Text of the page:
I’ve been wondering lately (okay, for many, many years) how people can still hold onto conservative ideas about the economy. Social issues are one thing – there is a legitimate debate about abortion, for example, but for some people, economics seems to be even more of a religious issue than that. People just hold onto their beliefs, despite a wealth (pun intended) of evidence to the contrary.
To track down some of the reasoning of the followers of the tired, old religion of conventional, “free-market” economics, I interviewed démodé economist Charles “Chipmunk” Griedesgud at the Gordon Gecko Center for Economic Satire in Slashington D.C.
Presented here are some highlights of the interview. The entirety of the interview will be published in book form by the same publishers that put out Bill O’Reilly’s weekly treasures. It will be called, Killing… something or other.
Me: Thank you for allowing me to interview you, Mr. Griedesgud.
Griedesgud: Please, call me “Chip”.
Me: Fifth generation at Yale?
Me: Ha ha! I’m sure your cat didn’t see THAT coming! Oh… Ahem. The main thing I’ve been wondering about, Chip, is how people can still believe that giving corporations big tax breaks leads to more jobs. The corporations don’t seem to create jobs anymore; they just build factories overseas or buy robots to do the work. Don’t people know these things?
Chip: If we cut taxes on corporations, they will build factories and make jobs… in China and Mexico.
Me: How does that help us?
Chip: But then, you see, the Chinese and Mexican workers will become more affluent.
Me: Uh huh.
Chip: Meanwhile, American workers will accept lower and lower paying jobs…
Me: Waiting for the good part.
Chip: …which will eventually allow them to make the commodities that are demanded by the newly affluent foreign workers.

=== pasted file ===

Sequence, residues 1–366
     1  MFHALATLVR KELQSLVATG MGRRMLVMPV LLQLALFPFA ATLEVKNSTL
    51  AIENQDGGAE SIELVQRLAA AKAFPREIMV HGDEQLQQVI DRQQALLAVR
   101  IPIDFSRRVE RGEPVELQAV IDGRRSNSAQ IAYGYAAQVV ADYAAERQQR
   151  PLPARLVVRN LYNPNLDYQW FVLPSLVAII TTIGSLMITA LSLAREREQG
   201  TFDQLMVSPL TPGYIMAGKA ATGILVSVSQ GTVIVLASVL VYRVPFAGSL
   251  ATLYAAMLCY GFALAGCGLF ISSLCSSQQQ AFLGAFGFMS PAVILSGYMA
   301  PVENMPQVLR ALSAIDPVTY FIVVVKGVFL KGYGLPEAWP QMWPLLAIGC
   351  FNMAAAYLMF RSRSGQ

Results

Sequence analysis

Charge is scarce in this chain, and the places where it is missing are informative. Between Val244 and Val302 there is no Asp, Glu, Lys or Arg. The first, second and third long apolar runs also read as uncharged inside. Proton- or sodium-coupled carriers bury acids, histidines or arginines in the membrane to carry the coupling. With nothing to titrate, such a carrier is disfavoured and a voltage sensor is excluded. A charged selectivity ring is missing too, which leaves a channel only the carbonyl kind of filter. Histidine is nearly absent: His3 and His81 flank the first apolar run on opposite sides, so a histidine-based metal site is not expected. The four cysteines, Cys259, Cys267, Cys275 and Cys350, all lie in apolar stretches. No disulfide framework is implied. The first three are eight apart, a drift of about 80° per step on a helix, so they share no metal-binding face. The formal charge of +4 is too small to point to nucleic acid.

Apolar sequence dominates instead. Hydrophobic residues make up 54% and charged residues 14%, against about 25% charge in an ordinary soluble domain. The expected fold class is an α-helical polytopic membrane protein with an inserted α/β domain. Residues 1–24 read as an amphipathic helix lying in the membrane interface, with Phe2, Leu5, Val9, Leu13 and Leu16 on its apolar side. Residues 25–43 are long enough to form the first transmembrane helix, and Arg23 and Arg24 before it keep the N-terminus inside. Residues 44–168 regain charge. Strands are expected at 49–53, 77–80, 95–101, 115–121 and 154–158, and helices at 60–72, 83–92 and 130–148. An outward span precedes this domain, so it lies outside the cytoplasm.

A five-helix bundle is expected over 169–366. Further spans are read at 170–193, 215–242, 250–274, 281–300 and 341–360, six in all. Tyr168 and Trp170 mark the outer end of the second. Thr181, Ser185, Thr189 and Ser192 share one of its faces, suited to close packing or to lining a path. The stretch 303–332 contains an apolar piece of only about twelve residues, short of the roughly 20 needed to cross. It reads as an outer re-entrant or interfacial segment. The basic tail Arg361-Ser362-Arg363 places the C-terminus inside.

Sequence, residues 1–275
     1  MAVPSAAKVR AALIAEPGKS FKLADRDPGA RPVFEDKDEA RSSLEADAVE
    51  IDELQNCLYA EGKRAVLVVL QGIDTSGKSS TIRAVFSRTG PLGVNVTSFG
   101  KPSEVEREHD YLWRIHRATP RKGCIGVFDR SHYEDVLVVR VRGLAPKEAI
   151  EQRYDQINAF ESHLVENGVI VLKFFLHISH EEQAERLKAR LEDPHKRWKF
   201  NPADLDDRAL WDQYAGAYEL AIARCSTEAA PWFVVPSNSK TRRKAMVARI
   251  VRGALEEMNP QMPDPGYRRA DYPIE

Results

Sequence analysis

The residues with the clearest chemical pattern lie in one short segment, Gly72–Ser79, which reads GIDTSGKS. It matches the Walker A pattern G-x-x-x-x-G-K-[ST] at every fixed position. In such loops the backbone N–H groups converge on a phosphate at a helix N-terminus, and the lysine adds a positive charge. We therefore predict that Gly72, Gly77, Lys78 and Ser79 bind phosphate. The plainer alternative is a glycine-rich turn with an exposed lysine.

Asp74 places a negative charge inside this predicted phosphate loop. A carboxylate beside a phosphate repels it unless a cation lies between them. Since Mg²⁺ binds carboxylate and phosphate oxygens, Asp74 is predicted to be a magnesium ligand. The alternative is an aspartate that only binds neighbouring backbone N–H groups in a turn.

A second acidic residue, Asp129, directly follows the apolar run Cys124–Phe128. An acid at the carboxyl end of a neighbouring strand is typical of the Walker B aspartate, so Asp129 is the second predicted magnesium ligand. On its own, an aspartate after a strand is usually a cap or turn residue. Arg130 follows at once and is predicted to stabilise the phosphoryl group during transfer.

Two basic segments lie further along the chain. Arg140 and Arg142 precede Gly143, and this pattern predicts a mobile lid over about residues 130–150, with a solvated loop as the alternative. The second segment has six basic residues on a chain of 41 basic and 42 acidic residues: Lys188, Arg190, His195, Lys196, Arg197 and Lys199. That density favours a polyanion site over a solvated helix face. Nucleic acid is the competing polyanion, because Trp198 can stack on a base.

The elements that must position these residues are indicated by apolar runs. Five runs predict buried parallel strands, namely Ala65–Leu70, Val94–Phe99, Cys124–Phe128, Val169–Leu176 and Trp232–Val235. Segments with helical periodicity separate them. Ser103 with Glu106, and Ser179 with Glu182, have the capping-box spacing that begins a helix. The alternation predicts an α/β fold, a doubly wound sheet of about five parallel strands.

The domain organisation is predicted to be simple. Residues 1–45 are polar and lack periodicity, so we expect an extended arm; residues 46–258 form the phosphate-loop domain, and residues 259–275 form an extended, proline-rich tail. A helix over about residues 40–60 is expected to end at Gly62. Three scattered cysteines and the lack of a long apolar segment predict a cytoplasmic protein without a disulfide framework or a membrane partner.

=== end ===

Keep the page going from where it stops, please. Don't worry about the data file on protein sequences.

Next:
Me: Yeah. Great.
Chip: So, it still trickles down; it just might go through a couple of extra steps.
Me: Wow. I can’t understand how I never thought of that.
Chip: I sense a little sarcasm in your voice.
Me: Me? Nooooooo.
Chip: Would you, instead, have no job creation at all? I mean, if we balanced things more toward the mythical “middle class,” then there wouldn’t be the concentration of wealth at the top that it takes to start the projects and businesses that do just that.
Me: But isn’t that exactly what happened between the 1950’s and the 1970’s, America’s greatest period of economic growth and shared prosperity? The progressive tax structure taxed the super-wealthy and their corporations heavily, and they all kept right on growing anyway, along with the well-being of their workers and the workers’ families.
Chip: That approximately three-decade period was essentially an illusion of economic bliss. In reality, the so-called “middle class” was stealing from the providers – the wealthiest Americans, who could have built a much LARGER economy, and created even more jobs. They did this through forming alliances known as “unions” and through other underhanded methods.
Me: Those bastards!
Me: So, what could we expect if we were to follow your prescription, which seems to be the way we’re headed, anyway?
Chip: Well, economic growth and prosperity, of course! Our economy could be growing like the Chinese! And why not?
Me: Do you mean the Chinese economy, or the Chinese population?
Chip: Take your pick.
Me: But won’t this scenario mean that those countries make the same “mistakes”, as you call them, that we made? And won’t they be hurting their economies?
Chip: Yes! That’s exactly what we want! There are two ways to look at winning a competition – you can perform better than the others, or they can perform worse than you!
Me: So, you say we could head into a period of fantastic economic growth and prosperity. But the “middle class” can’t share in that prosperity, lest they sabotage the whole process.
Chip: That’s exactly right. You asked me about the benefits before: the average income would rise beyond anything we’ve seen.
Me: But wouldn’t that just be a result of the outliers? Wouldn’t the income median and mode be dismally low?
Chip: Well, thanks to years of effort, nobody knows what those even mean. We’ve trained people very effectively to think that averages are everything. We’ve kept telling them about the average income in America being so high and we even invented a term called “GDP per Person” that throws them way off. Complaining about your income just makes people feel ashamed now.
Me: Wow. Just… wow.
Me: Well, thank you, Mr. Griedesgud, for the interview. I suppose you’ll be going back to work for the rest of the day?
Chip: Work? What work? This story hasn’t changed since 1890! I’m going to dinner with some lobbyists at the “Oval Room”. I love a restaurant with a punny name!
Tom Rossi is a commentator on politics and social issues. He is a Ph.D. student in International Sustainable Development, concentrating in natural resource and economic policy. Tom greatly enjoys a hearty debate, especially over a hearty pint of Guinness.